The ethical problem with carbon trading is that it establishes that the Chinese polluter has a 'property right' to pollute - in essence, the market is paying him to reduce his pollution. The problem with that is that in most people's view the atmosphere which is being polluted is community property, and the polluter should be paying to use it, not being paid not to.
The economic problem is that carbon markets are entirely artificial. Either we know how much a certain amount of emission 'costs' in damage done, or we don't. If we do, we can use a Pigouvian Tax at a much lower administrative cost than setting up this whole trading regime. If we don't, this isn't the sort of thing the market is going to tell us - the damage in question is not internalized and is communal in the 'public good' sense - I can't pay to reduce carbon emissions, and reserve that reduction to avoid sea-rise in the area of my property. So carbon trading is really either a vector for charity (if people buy them voluntarily) or a vector for caps on emissions (if government requires them). In the latter case, that implies that instead of knowing the cost emissions impose, we know the optimal amount of emission. Since, to get the optimal amount, we need to know the costs AND the benefits (i.e. the value of the product), this assumes even more knowledge that we don't have than the Pigouvian tax assumes.posted by: rvman on 01.18.07 at 08:48 AM [permalink]
Isn't the gag that the Chinese are deliberately creating HFC capacity/production just to cash in on the carbon credits?
No. The gag is that China gets carbon credits in the first place- they're exempt from Kyoto due to being classified as a 'developing nation'.
Kyoto is a bad treaty.posted by: rosignol on 01.18.07 at 08:48 AM [permalink]
In these deals, climate credits, by reducing the cost of operation, are creating economic incentives to maintain or expand production of an ozone depleting substance that countries are supposed to phase out under the Montreal Protocol, as explained in the BlueClimate entry you link to. (Credits are earned for scrubbing HFC-23 out of emissions from plants to produce HCFCs.) That seems a perfectly adequate reason for enviros to be "irked."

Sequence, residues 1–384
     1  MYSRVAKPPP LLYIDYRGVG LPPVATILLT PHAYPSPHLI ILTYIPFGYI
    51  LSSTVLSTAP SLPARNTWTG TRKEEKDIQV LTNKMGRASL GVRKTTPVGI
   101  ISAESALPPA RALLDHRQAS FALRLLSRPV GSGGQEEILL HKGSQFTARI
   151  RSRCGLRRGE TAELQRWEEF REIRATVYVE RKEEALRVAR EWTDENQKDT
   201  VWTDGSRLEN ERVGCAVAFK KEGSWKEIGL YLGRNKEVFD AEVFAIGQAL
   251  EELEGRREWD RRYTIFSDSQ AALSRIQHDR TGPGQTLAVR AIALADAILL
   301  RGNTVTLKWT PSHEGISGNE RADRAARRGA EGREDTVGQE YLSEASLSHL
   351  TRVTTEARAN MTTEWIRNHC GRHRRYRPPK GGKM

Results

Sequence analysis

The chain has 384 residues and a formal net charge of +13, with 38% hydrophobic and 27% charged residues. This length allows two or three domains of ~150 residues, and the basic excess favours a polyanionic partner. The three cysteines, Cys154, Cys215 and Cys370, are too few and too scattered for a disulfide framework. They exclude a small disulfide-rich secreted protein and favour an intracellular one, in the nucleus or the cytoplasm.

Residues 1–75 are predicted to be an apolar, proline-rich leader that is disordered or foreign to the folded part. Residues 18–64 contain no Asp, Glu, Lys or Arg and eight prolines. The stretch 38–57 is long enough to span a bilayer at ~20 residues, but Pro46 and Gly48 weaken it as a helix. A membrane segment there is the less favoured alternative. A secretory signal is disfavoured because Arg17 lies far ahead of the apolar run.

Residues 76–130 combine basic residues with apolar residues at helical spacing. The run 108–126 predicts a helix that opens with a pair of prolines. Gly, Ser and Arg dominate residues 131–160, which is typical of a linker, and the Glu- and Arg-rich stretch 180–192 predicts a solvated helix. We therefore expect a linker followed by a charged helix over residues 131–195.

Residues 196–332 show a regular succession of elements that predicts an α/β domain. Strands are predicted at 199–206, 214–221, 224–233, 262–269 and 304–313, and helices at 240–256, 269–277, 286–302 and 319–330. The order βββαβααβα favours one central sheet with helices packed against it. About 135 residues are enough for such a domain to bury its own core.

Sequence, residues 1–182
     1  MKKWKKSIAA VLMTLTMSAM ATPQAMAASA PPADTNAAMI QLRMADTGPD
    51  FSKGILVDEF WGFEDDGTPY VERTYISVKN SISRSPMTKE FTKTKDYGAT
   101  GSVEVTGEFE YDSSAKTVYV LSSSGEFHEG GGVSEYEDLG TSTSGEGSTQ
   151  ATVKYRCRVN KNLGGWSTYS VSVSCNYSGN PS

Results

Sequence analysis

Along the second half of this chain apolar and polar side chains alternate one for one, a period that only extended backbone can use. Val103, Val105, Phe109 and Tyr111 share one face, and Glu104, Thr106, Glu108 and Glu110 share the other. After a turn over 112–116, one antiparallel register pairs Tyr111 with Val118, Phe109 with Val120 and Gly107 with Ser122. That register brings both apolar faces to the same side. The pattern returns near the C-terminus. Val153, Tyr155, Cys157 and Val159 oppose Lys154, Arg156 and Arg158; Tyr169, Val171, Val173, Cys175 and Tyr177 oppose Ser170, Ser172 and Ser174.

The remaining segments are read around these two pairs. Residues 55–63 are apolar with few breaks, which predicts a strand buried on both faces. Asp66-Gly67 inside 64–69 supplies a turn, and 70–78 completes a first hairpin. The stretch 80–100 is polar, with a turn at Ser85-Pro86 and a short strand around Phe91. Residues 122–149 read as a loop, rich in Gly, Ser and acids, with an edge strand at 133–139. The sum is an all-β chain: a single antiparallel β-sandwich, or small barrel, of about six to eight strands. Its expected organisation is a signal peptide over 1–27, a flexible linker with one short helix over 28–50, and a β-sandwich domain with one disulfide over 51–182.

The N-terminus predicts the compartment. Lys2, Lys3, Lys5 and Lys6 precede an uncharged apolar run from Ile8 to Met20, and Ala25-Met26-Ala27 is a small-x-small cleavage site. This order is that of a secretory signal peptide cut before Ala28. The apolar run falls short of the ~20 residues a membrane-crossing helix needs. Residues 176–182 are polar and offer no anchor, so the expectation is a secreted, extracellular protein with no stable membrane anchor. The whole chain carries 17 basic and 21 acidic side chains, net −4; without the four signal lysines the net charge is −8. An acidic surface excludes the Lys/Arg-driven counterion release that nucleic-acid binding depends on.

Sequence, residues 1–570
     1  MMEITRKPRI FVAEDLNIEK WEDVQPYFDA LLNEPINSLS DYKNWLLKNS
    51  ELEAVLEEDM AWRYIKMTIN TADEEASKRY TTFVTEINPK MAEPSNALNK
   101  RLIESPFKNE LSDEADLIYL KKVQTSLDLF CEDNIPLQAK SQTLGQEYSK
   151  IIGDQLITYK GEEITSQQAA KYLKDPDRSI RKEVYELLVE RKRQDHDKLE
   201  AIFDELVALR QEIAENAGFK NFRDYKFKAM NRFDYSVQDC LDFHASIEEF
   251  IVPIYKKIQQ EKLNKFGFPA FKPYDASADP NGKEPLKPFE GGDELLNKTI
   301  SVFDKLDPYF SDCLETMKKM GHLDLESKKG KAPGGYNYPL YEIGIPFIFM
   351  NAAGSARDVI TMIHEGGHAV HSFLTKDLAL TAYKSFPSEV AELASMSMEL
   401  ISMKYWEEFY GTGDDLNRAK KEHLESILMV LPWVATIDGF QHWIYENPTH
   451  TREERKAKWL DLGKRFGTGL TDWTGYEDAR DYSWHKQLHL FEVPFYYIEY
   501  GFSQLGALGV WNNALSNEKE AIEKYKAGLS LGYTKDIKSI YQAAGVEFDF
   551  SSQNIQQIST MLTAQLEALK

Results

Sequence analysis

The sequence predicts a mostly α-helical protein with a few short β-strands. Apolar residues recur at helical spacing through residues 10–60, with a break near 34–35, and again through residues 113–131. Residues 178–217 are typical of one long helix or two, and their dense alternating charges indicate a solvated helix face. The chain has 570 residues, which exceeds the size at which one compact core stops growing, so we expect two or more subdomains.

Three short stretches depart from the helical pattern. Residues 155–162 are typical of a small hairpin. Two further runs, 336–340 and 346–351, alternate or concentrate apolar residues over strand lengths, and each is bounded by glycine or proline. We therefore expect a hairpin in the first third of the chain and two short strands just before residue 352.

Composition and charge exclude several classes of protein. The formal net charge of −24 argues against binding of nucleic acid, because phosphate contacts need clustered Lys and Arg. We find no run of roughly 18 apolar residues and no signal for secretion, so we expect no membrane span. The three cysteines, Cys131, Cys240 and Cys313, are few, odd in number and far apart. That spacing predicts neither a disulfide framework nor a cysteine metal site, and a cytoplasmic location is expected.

If the FT is correct that HCFC producers are earning windfall profits then the complaint that the market is flawed warrants serious attention. Real estate can create windfalls because unique assets reveal hidden value, or gain it due to changes in circumstances. More apropos, technological development can create windfalls where a technology is so superior that in some sense it faces no real competition. Are HFC scrubbers really so much better than other greenhouse gas reduction technologies that they can command premiums far above the norm? Is China's political and legal regime really so much more stable than competing jurisdictions that it justifies such premiums? Or are credit buyers somehow failing to acquire complete information about the available alternatives?
I agree. I don't get it at all.
If it's cheaper to reduce greenhouse gas emissions by closing an especially noxious and inefficient plant in China than installing expensive scrubbers on more efficient plants in England, then the world should choose the former. Cap and trade systems are designed precisely to identify opportunities like this. So what's the problem?
I am very puzzled about one thing, though: I was under the impression China was not part of the Kyoto Protocol. If you're not part of the "cap", then including you in the "trade" is worse than futile.posted by: Scott Wood on 01.18.07 at 08:48 AM [permalink]
Here is one answer:
The Montreal Protocol (on ozone depletion) seeks to eliminate the production of ozone depleting chemicals. HCFC-22 is one such chemical.
However HFC-23 is a byproduct of producing HCFC-22. HFC-23 is also a very powerful greenhouse gas, as you note. The Kyoto Protocol (on climate change) seeks to reduce the emission of greenhouse gases.
So there are two international treaties working at cross purposes. The credits (and $$$) available under the climate convention for getting rid of HFC-23 thus provide an incentive for the production of HCFC-22. Further, I have seen reported that the windfall gained from eliminating HFC-23 is actually being used to invest in the production of more HCFC-22, so that more HFC-23 can be produced, and more credits ($$$) obtained. And it turns out that HCFC-22 is also a greenhouse gas.
Thus you have two international treaties working at cross purposes, as well as the ability in this context to "print money." Not a good recipe for market mechanisms.posted by: Roger Pielke, Jr. on 01.18.07 at 08:48 AM [permalink]